His cry will haunt me for the rest of my life.
I was sitting in the same row as he was just several chairs away from him. We sat in the auditorium of a church during a memorial service for his son. The finality of the moment became overwhelming to this heartbroken father and the sounds coming from his mouth were soul shattering. In each wail you could hear his very being crying out for a reason, crying to have his son back, crying because he was helpless to do anything.
I saw emptiness in his eyes, a darkness that I’ve never experienced and pray that I never do. His son’s suicide had hollowed him of everything that it means to be a parent. The love you have for your child was turned back on him and was ripping him to pieces. He was defenseless against its onslaught and so he just sat there and cried.
Their cries will haunt me for the rest of my life.
Student after student came forward to give testament to what a great young man this boy was. All shared stories of his short but meaningful life. And not a single one could make it through without breaking down. After the group has said its final words they went back stage as a group and behind the closed doors you could hear all the pain and anguish pour out of them in waves. The muffled sounds of shoulder shaking cries reached into that packed auditorium and caused all of us to pause.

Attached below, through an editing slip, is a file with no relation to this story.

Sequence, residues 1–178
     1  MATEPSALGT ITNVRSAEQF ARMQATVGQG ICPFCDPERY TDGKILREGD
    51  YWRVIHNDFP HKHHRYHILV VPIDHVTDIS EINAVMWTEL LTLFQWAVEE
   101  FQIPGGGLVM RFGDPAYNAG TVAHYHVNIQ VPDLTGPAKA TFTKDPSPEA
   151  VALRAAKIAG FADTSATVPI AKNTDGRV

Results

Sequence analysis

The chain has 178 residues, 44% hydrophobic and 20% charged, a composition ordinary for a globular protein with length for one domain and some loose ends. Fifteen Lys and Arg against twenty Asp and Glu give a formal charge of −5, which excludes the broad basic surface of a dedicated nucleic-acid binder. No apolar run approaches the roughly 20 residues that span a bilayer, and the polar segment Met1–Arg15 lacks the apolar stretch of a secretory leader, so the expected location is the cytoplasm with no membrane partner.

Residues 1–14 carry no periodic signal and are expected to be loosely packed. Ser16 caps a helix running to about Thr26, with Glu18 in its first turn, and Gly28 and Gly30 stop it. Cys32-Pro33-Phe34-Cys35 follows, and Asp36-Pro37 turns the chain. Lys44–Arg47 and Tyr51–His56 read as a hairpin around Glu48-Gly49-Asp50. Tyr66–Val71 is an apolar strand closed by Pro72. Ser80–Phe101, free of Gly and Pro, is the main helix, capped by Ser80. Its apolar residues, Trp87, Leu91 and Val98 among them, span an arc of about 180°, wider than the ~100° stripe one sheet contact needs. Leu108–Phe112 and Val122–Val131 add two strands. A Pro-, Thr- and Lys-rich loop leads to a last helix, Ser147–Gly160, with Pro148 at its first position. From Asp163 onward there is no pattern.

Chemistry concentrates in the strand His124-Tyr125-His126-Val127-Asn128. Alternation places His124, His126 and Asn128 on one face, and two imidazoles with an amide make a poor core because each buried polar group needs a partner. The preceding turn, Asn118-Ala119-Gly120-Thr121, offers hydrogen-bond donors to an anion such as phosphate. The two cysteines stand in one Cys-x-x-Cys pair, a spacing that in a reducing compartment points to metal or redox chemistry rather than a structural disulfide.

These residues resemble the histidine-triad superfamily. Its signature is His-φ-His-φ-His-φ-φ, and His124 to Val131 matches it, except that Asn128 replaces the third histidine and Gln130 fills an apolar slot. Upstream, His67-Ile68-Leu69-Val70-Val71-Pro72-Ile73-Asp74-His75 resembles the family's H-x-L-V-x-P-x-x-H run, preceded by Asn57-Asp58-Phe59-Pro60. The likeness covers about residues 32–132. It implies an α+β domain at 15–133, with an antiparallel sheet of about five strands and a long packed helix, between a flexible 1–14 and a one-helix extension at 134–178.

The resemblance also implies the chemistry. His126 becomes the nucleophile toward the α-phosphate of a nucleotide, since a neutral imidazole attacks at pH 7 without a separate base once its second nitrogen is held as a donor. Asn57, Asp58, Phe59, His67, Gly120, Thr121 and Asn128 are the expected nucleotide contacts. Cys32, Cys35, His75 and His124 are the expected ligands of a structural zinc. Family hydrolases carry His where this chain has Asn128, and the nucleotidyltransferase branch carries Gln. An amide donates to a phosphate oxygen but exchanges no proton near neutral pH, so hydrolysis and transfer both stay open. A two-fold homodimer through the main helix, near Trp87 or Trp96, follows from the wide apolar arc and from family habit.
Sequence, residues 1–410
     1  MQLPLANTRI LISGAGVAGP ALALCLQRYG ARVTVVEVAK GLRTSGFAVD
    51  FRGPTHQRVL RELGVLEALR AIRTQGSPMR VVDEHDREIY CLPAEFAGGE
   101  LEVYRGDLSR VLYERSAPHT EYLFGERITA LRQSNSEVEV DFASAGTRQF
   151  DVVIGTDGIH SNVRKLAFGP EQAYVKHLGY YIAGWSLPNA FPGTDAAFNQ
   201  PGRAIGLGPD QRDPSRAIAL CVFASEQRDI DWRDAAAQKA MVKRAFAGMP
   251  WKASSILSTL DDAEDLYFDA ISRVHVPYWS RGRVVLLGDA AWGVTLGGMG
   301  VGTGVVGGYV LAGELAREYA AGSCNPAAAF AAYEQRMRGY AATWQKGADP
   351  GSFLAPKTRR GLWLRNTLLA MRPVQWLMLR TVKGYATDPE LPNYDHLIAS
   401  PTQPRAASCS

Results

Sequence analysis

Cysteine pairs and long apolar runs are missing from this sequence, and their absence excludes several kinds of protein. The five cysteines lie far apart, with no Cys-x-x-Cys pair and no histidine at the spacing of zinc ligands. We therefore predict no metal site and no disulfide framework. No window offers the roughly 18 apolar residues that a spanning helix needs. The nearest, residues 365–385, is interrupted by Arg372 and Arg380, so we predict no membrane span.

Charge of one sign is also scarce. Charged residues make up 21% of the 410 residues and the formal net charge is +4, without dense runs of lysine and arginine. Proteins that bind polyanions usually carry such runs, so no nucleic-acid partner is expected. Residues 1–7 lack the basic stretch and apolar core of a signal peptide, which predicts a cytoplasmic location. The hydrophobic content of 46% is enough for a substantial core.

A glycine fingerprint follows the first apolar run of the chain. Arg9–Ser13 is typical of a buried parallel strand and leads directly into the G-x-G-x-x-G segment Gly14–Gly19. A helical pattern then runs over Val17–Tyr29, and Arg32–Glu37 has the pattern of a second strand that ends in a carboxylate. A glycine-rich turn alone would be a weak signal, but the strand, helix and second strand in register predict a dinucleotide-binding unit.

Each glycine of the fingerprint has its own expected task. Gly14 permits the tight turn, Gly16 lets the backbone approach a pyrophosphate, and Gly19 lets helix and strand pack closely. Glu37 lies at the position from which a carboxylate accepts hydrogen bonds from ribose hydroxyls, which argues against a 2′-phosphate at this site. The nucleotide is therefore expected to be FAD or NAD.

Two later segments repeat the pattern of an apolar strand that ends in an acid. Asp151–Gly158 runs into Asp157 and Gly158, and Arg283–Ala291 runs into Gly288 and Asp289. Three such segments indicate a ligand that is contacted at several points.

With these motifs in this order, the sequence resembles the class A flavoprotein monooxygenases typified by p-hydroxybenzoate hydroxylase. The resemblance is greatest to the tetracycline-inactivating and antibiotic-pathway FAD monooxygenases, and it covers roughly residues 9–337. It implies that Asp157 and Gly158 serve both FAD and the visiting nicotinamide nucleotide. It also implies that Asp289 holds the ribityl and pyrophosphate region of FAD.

When they finally were able to make their way back to their seats they did so slowly and with puffed eyes. They walked slowly and without purpose, feet shuffling back to seats they didn’t want. The vulnerability of their friendship had turned and caused them to deal with emotions they were ill equipped to manage.
It’s a word that should cause every parent reading this to shudder. And we should shudder because the rate of suicide is getting higher. According to the American Foundation for Suicide Prevention a person dies by suicide about every 14 minutes in the United States and every day, approximately 105 Americans take their own life. 90% of all those that commit suicide have a diagnosable psychiatric disorder at the time of their death. And according to the CDC’s latest findings suicide is the third leading cause of death for 1-24 year olds.
Those are horrifying numbers and what’s even more horrifying is the realization that those are not numbers, they are people.